The Path of Names by Ari B. Goelman

INFORMATION

Goodreads: The Path of Names
Series: None
Source: Library
Publication Date: January 2017

SUMMARY

Dahlia Sherman wishes she were attending math camp this summer or magic camp.  Instead, her parents have dropped her off at a Jewish summer camp where the counselors expect her to join clubs and participate in outdoor activities.  At first Dahlia wants to leave.  But then she sees two girls walk through the walls and discovers a strange maze hidden in the forest.  What magic or miracles are occurring at camp?  And will she and her friends make it home alive?

Review

The Path of Names takes its inspiration from Kabbalah and introduces readers to a world steeped in Jewish mysticism.  Some of the characters see their world as infused with prayer and miracles.  Others call the powers they seek magic.  Either way, there is no denying that Dahlia Sherman’s world is bigger than she ever imagined.  Or that her story is unlikely to be something that readers will have previously encountered.

The relationships in the story are realistic and richly drawn, from Dahlia’s annoyance at being associated with her big brother to her desire to fit in with the girls in her cabin.  A friendship with one of the most awkward boys at camp only complicates things, providing Dahlia with someone to share her adventures even as she struggles with the rumors that begin to fly about the two of them.  In short, this is summer camp.  Difficult and sometimes inconvenient, but perhaps, just perhaps, totally worth it.  This realism helps ground the story as Dahlia begins to wonder if she is possessed by the spirit of man whose work on earth remains incomplete.

The connections to Kabbalah were intriguing and I would have enjoyed some more in-depth explanations of Kabbalah and of the”magic” system that the book portrays, especially as I was unsure how much of what the story presents is based on actual Jewish mysticism and how much was changed or imagined for the purposes of the plot.  However, Goelman seems content to allow much of the magic to remain a mystery.  The book even declines to take a position on where the power comes from, something I found particularly fascinating as this creates a sort of spiritual tension.  Is the power divine?  If it is, how can others misuse it?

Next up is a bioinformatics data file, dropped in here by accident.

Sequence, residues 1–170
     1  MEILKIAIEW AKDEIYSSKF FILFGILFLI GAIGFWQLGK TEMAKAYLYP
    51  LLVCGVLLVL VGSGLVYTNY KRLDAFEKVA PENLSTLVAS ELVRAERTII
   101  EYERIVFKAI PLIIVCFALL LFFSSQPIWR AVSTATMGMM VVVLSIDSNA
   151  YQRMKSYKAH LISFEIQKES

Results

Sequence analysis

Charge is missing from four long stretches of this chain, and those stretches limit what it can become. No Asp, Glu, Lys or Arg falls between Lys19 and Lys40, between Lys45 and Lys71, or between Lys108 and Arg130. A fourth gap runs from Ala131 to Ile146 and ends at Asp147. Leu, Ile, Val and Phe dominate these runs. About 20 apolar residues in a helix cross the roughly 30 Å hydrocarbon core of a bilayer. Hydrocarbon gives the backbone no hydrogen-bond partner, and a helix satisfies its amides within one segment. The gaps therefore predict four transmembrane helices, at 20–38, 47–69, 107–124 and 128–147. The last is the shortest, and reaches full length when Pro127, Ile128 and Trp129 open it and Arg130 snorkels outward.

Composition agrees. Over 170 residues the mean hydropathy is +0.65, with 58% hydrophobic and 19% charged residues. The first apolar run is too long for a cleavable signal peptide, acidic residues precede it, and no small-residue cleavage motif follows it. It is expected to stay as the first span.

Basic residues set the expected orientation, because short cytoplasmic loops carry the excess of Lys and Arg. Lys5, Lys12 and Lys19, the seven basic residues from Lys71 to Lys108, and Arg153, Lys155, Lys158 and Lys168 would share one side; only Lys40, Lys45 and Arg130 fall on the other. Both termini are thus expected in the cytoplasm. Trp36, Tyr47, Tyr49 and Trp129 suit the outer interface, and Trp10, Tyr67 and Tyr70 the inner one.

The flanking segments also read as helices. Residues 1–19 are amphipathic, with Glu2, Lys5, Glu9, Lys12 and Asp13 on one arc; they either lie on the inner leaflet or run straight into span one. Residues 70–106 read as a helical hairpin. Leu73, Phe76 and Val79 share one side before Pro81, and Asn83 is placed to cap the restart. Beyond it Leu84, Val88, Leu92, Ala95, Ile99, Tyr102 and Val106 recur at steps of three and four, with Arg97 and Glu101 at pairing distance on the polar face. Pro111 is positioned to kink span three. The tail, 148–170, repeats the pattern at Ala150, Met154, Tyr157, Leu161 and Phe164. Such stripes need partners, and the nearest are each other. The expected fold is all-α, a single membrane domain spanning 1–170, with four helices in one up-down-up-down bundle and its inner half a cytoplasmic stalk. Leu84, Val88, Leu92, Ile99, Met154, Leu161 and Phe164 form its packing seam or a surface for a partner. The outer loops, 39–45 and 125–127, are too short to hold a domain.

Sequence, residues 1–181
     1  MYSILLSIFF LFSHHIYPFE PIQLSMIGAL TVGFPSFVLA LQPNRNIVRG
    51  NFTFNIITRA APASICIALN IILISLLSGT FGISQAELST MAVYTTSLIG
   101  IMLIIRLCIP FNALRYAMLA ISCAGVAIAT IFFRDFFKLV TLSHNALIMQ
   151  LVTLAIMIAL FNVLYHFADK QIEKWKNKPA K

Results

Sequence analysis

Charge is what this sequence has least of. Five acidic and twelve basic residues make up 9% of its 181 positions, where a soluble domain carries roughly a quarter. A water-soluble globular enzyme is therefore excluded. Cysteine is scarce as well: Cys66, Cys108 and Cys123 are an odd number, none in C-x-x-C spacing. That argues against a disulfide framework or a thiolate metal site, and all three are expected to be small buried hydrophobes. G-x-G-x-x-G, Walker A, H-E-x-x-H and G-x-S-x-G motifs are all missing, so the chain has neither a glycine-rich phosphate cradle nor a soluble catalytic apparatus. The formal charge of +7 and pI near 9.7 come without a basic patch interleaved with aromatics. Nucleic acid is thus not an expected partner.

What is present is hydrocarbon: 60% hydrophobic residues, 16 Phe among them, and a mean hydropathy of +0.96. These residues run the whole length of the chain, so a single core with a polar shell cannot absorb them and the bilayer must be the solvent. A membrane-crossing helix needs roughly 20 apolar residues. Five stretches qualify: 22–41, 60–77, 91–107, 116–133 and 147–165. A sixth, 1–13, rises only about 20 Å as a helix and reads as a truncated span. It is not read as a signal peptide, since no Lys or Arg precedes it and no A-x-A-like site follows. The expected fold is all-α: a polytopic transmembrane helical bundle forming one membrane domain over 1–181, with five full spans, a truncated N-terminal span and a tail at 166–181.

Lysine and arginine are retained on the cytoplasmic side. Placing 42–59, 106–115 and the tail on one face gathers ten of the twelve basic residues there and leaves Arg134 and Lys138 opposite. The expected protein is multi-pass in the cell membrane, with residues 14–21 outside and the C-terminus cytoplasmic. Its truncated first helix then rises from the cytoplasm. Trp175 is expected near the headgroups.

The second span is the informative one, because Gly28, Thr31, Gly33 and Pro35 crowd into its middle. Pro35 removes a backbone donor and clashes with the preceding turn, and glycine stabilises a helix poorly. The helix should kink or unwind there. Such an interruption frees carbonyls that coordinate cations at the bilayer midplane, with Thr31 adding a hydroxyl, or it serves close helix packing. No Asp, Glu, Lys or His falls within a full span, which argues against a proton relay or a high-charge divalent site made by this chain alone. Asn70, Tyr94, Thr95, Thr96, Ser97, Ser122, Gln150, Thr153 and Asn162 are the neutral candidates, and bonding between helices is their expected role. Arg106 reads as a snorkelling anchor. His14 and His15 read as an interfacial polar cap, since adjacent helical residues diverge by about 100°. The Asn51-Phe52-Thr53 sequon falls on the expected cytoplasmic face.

I also think that it would have been interesting to know a little more about Dahlia and her beliefs.  She seems uninterested in God or at least unwilling to talk about Him, but, other than that, we know very little about her religious views.  Since the book is set in a Jewish summer camp, I think that exploring her relationship to Judaism could have been worthwhile, especially since I would have though that discovering the existence of spirits and words with seemingly magical powers would potentially shake a person’s beliefs.  However, Goelman allows Dahlia to accept the existence of magic without much comment.  It’s a strategy not uncommon in fantasy novels, but it seems a little odd in this book, considering that Dahlia seems to believe in a healthy dose of skepticism.

Overall, however, I enjoyed the book.  The Path of Names is a solid fantasy with a unique premise and a likable protagonist.  Sometimes, that’s just the kind of book you need to immerse yourself in during a summer afternoon.

4 stars

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9 thoughts on “The Path of Names by Ari B. Goelman

  1. Michael J. Miller says:

    This has me intrigued! I’ve always loved Judaism and I teach it as part of a World Religions course I teach. However, I don’t know anywhere near as much about Kabbalah as I could. While it doesn’t seem like this book would fill in any major gaps in my knowledge for me, it certainly sounds like it could be the spark that leads me to getting other books on Kabbalah. What an fun/interesting idea for the novel all around.

    Like

  2. theorangutanlibrarian says:

    Wow interesting premise- I literally know next to nothing about Kabbalah, cos it’s not very mainstream. Well it is… but it’s complicated 😉 (I make it sound like a relationship) Basically, the only times I’ve ever heard it spoken about is in relation to old men or Madonna or by some hippies Safet.

    Like

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